“I think humility is important,” he says. “But I don’t think it is a necessity. I guess I’m a little more of an Ayn Rand person. In the end, I’ll be judged only by my work.”
The new staging for the opera didn’t do much better with the critics. A new reviewer from the Independent declared, “This rather camp confection … for the most part, is distressingly derivative”; while the Telegraph praised the orchestration as “extravagantly rich and brightly coloured,” it derided the story as “hopelessly camp and melodramatic,” warning that “ironic detachment and self-criticism will be required if he is to develop as an opera composer.”
The afternoon Wainwright performs his new album for the first time in full plumage, it’s in a small London space at Sadler’s Wells.
The lights go dark. A floor light shoots diagonally from upstage right to the black Steinway. In the gloom, Wainwright walks along the trail of light in slow, stylized, Robert Wilson–esque steps, dragging the seventeen-foot train behind him, then sits carefully at the piano. The effect is striking, eerie, moving, and a bit silly. A massive screen behind him plays a mesmerizing video by the Scottish artist Douglas Gordon: various iterations of Wainwright’s thickly painted, green eye slowly opening and closing.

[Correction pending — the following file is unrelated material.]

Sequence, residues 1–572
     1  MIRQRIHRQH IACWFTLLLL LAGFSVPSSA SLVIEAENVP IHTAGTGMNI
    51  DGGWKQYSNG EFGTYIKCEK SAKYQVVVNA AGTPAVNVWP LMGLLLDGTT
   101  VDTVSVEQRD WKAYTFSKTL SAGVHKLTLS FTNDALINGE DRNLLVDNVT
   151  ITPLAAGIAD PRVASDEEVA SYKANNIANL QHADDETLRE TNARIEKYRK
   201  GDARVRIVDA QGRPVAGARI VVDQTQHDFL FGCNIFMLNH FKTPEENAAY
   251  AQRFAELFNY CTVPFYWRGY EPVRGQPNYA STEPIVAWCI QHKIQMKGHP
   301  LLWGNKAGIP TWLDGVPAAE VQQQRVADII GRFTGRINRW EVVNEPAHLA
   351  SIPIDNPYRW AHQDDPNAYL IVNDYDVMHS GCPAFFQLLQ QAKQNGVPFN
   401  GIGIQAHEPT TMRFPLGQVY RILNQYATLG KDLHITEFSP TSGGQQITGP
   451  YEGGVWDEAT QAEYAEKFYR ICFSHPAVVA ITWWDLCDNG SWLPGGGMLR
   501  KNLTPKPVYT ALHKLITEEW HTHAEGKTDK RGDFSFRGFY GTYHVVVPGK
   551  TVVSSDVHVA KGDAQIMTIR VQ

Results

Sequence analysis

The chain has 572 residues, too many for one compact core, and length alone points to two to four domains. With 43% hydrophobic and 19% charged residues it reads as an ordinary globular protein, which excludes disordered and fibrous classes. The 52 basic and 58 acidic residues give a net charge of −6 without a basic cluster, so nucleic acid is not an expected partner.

As at the Rose Bar show, there are some clunkers in the first few songs, accompanied by Wainwright’s low, angry groans and mock long-suffering facial expressions. But by the sonnets, he’s really hit his stride, holding the room in thrall to his tenor, coaxing every wrinkle of beauty and pathos out of his long notes.
Before he starts “The Dream,” the epic number that he couldn’t quite play in New York, he lets out a big, here-we-go sigh, shoves back his piano bench in a jerking way totally out of sync with the dark gravitas he intends for the program. The piano parts, clearly so much denser and trickier than they need to be, change with lightning speed, his vocal registers leap high, then drop low again, but … he pulls it off!
That it’s so touching to watch has nothing to do with the song, but rather with the fact that he finally managed to hurdle a bar he’d set so ambitiously, even a bit masochistically, high for himself, so soon after his mother’s death. But then, leaving the stage amid the hush he’s imposed upon all of us, in that crazy glum-crow outfit, he is Kate and Loudon’s son, his hunger for the stage briefly sated.